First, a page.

5 Questions with Mike Wise | President | Blockchain Wisedom
5 Questions with Mike Wise, President of Blockchain Wisedom and chairman for our Fintech and Regulation track day 2
- Could you define what your job role details and your day to day routine?
My focus is on the insurance industry and blockchain education, with adjacent interest in Financial Services. Insurance company leadership is extremely difficult and demanding work, with pressures from all sides – solvency, profitability, distribution, competition, innovation, technology, people, and compliance. Because of this, it becomes problematic for an executive to keep up, especially with the ever-increasing pace of technological change. Therefore, a premium is placed on boardroom education for the leadership team. I have been delivering that education since 2010, first on Social Technologies, or Web 2.0, and now on Blockchain/DLT, Web 3.0.
As for a “day to day routine”, if only that were the case! When I’m not delivering content, I’m researching for the next group – researching their current environment and the most pressing issues therein, because every insurance company is unique. Therefore, the impacts and applications of new technologies are unique. So, you never know what the day will bring.
- How is your organisation applying blockchain?
As a facilitator of blockchain education for insurance executives, I see applications of blockchain across the spectrum of insurance operations. Because of compliance with operational regulations and the latency thereof, most of the blockchain work is back-office data-sharing between companies, reinsurance operations, subrogation, and the like. Blockchain development commonly starts with identifying current pain points within the company’s ecosystem around data – accuracy, reconciliations, sharing, more reconciliations, and information security. Pilot projects are then developed in parallel with live operations and comparisons are measured and assessed. One recent 4-month reinsurance pilot in health insurance for multi-national corporate clients whose employees are insured by various regional insurance subsidiaries experienced a 40-50% reduction on time spent on data processing and even more on reporting consolidation. In fact, “60% of the current processes can be eliminated and/or simplified/automated by Blockchain.” It’s important to note that very few insurance DLT applications are leveraging #CryptoCurrency for settlements, instead opting to finalize transactions using Fiat currency. This tactical element of a pilot project greatly simplifies the testing process by removing the greatest point of uncertainty in the blockchain spectrum – cryptocurrency. That said, tokenization is a big piece of the business of blockchain.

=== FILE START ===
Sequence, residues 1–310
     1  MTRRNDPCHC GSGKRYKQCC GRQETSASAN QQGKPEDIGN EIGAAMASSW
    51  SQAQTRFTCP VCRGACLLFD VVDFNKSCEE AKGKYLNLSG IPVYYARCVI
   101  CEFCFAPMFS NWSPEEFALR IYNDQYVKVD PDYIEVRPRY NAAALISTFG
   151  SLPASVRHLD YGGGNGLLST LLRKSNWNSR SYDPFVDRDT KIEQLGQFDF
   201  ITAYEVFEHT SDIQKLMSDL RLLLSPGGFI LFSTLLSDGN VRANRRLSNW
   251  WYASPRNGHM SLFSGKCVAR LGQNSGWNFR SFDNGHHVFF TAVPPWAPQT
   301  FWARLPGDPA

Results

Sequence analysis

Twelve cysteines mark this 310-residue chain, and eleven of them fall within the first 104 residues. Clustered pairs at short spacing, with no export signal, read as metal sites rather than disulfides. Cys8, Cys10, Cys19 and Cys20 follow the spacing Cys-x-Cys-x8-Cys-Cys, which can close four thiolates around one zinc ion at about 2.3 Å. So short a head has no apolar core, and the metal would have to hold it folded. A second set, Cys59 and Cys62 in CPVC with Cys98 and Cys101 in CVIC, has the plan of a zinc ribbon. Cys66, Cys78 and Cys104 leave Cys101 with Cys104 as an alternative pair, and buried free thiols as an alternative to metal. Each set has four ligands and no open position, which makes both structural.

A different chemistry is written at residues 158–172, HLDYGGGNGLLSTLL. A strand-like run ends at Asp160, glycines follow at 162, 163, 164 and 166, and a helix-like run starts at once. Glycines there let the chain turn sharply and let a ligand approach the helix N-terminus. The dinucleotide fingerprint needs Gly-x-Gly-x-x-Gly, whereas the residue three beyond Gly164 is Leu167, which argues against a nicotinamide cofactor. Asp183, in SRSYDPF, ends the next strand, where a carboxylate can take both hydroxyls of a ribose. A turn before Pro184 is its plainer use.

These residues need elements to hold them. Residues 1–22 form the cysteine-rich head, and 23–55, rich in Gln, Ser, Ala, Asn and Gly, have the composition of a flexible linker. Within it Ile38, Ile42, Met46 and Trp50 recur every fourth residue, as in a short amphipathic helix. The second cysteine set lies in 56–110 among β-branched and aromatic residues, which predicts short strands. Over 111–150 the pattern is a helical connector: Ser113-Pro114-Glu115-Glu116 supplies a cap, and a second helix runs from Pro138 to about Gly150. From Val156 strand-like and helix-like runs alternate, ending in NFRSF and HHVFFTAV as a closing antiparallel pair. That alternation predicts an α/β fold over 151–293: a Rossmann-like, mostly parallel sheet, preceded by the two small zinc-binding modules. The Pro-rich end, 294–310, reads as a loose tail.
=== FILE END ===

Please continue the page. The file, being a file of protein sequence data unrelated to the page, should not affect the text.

- What were the biggest challenges in using this technology?